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Discussion Starter #1
I have prepared this Do It Yourself (DIY) article titled "Brake Pads - Rear, Replacement - CBR1000RR8 DIY" for my 2008 CBR1000RR Fireblade which has now run above 24.000 km and got new rear brake pads.

This is the next in a series of DIY articles on CBR1000RR8 and CBF1000A7.

Please join in on this thread with corrections, suggestions, questions and discussion.

Cheers ... Fred
 

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Bout to replace my rear pad this evening. Will be using your DIY for my first attempt at brake pad replacement. Thanks!
 

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Discussion Starter #6
Hi Curry,

replacing rear pads should not present any problem - it's one of the simpler DIY tasks :thumbsup:
In case You do run into problems, just yell loud in this thread.

For other DIY tasks, You might find the section about stuck bolts and nuts in the How to DIY article worth reading.

Cheers ... Fred
 

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Me being not the best DIY person world, this was hella easy. I was told the front might be a little harder. Im up for the challenge.

Thanks
 

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I was told the front might be a little harder.
If anything, the front pad swap-out is easier than the rear. At least, I've found that to be so...
 

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Shouldnt the rear pads last the life of the bike for the most part. Unless your a track junkie. I never touch my rear brake unless I'm not on pavement or black top and need to slow down.
 

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Shouldnt the rear pads last the life of the bike for the most part. Unless your a track junkie. I never touch my rear brake unless I'm not on pavement or black top and need to slow down.
Same experience here. I'm still running the original stock rear brake pads on my G1K, and the bike is over five years old with close to 52,000+ miles.
 

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I lost track how many guys I ran into who never use their front brakes. Even guys that got their first "crotch rocket". They say they dont want to go over the bars or lock up the front brake. I try to explain it to them and they just dont get it.
 

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Discussion Starter #13
I lost track how many guys I ran into who never use their front brakes. Even guys that got their first "crotch rocket". They say they dont want to go over the bars or lock up the front brake. I try to explain it to them and they just dont get it.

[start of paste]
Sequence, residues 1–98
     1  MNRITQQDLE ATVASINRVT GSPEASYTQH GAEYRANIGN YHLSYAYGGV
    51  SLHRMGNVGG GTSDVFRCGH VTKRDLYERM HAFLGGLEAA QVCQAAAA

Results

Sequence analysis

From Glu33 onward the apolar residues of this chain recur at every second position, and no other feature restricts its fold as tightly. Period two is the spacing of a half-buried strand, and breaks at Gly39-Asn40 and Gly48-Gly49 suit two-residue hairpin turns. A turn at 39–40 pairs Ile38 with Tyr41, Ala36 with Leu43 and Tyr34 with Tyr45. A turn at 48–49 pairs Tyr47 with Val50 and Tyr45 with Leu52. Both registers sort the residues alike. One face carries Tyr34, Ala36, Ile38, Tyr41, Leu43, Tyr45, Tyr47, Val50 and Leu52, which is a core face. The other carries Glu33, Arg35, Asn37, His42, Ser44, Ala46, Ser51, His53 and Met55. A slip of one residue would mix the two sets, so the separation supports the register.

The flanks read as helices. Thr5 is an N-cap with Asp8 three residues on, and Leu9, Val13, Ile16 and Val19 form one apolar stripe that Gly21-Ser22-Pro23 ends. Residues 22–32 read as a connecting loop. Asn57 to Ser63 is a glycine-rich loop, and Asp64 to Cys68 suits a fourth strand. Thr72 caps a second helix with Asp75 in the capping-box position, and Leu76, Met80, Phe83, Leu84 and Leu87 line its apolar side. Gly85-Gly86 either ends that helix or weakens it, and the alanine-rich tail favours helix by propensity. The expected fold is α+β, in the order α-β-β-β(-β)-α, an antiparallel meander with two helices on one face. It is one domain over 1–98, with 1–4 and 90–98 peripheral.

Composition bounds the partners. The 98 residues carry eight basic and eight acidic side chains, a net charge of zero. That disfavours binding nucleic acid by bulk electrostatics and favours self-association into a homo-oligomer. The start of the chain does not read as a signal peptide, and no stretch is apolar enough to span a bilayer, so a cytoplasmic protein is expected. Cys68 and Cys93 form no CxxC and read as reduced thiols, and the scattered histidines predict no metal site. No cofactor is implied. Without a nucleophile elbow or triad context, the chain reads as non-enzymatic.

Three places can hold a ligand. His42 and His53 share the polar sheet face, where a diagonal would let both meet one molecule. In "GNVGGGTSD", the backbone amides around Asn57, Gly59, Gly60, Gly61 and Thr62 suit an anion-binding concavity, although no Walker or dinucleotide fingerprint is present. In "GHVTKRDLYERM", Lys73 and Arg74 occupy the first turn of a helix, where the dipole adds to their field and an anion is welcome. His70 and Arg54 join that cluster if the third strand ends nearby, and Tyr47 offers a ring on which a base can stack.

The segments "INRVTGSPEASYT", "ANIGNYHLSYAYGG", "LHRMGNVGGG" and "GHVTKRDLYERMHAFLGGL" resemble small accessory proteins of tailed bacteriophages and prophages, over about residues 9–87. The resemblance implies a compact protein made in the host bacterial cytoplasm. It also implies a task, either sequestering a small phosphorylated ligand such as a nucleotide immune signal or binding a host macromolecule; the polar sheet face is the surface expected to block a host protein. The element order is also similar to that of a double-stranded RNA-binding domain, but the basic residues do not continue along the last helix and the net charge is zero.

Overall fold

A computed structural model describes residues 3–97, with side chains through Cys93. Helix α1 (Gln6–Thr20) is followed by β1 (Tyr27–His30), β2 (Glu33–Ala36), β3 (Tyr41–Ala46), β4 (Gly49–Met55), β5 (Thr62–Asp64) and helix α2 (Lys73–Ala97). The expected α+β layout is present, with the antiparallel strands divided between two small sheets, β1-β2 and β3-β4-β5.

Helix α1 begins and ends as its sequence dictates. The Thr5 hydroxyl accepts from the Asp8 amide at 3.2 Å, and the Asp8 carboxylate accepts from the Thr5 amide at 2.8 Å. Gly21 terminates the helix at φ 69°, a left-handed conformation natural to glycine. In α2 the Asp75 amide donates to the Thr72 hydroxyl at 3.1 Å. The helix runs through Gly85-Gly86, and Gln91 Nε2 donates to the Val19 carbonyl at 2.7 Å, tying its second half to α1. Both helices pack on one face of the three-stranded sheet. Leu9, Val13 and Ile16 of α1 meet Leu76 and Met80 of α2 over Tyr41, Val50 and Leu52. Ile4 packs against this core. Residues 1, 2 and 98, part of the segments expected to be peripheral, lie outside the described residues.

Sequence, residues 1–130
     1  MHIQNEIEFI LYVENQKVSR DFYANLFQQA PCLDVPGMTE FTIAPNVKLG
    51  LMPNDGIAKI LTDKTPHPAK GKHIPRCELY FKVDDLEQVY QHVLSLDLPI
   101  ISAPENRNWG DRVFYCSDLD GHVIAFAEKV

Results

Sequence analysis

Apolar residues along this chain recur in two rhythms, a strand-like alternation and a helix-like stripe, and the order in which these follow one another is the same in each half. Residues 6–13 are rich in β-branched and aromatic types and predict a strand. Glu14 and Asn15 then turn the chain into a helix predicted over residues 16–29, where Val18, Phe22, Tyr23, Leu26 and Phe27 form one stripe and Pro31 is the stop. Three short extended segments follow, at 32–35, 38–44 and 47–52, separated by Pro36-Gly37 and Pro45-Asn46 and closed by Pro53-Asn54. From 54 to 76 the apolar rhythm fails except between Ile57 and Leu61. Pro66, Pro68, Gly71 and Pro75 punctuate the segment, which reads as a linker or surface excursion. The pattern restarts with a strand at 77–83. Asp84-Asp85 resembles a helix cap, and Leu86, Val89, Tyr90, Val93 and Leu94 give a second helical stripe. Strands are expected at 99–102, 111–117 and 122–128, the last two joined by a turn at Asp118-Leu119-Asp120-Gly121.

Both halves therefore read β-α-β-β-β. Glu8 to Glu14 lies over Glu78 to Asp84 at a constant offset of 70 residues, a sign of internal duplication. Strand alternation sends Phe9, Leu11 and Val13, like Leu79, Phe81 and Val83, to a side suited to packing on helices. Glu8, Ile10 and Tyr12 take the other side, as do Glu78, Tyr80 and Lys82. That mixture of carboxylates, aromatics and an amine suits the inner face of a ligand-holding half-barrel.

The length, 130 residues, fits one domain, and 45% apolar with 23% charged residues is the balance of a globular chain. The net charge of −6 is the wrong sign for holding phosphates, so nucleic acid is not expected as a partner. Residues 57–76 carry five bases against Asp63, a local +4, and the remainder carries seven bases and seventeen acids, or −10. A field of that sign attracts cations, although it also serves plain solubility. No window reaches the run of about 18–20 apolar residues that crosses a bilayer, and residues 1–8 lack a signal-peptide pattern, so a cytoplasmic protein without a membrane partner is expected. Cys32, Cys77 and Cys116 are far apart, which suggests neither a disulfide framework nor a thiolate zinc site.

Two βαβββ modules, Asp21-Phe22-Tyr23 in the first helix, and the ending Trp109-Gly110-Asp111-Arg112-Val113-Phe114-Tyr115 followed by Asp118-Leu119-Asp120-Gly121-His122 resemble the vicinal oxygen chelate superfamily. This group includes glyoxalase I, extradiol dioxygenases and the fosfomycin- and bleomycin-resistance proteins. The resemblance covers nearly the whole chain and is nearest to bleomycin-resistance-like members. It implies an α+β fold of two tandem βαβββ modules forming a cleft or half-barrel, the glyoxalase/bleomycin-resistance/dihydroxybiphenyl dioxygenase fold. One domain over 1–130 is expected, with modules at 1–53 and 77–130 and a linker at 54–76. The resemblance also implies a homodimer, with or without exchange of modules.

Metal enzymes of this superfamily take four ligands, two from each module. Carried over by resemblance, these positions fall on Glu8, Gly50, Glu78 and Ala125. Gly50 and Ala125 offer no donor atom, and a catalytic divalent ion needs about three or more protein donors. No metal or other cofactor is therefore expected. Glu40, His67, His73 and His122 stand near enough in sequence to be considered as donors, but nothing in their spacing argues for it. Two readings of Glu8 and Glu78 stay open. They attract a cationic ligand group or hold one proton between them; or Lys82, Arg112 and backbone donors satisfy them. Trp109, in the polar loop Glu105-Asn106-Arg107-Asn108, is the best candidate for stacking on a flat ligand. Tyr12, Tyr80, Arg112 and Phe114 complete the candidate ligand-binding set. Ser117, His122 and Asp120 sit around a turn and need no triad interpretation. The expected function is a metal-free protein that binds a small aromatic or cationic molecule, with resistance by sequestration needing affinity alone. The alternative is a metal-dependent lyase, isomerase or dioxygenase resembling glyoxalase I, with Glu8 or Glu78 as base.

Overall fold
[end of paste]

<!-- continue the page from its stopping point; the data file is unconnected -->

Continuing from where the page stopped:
:loco:
Considering how dangerous poor braking capabilities is when in trafic, that type of guys must belong to a group of endangered species!

I try to imagine how long a road I would need to make a full stop from 250 km/h with the rear brake alone. I guess 1 km would be needed!
 

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Okay, I know I'm digging up an old thread here but...

Tried to replace my rear pads today and it was extremely difficult to get the new ones in. When I finally got them in, the rear wheel would barely turn so I took it around the block to see if it would free up a little and it didn't. Also, aside from it dragging, applying the rear brake didn't seem to do anything.

I know this should be pretty easy because everything I've read just says remove and replace. Is it possible that the new pads are too thick?

p.s. I did this because I was replacing the lines and figured I should replace everything at the same time so the brakes were bled properly.
 

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Discussion Starter #18
If the brakes will not let the rear wheel rotate it must be because one of the normal movements in the brake system have been stuck. This can have different causes:

1) The rear brake caliper does not slide as easy sideways on the bracket pin as it should. Have a look on the picturre in section 2 of the DIY article where you push the caliper sideways. If you remove the pads from the caliper you will be able to check if this works ok or it is stuck.

2) The brake pads shall off-couse be of the correct type, and it should not have required any significant force at all to mount them. The rightmost pad shall be able to move freely sideways on it's pad pins inside the caliper. Check that this is ok.

3) A piston may be stuck dure to rust or other debris. It shall be possible to push the pistons back with finger pressure, and see them move out when you press the brake pedal. Check this.

4) The brake hose shall be replaced if in doubt of its condition. The rubber on the inside of old brake hooses may come partly loose and form valves which allow fluid flow in forward direction but not in reverse.

5) The rear master cylinder may be faulty, allthough I guess this is not often.

I suggest you check free movement as described in nr. 1, 2, 3 and 4 and see what comes out of this investigation.

:) ... Fred
 

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3) A piston may be stuck dure to rust or other debris. It shall be possible to push the pistons back with finger pressure, and see them move out when you press the brake pedal.
If this is indeed the case, then it's highly advisable to actually pump the piston out *slightly*, just enough to clean the accumulated road grime and brake dust off of it. Otherwise it can cause brake drag and more problems.
 

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Discussion Starter #20
d207gp - your method will work in some cases. In other cases it will be enough to just work the pistons in and out a couple of times. And if theese two methods does not make the pistons move freely, the brake caliper must be overhauled, maybe even replaced.
 
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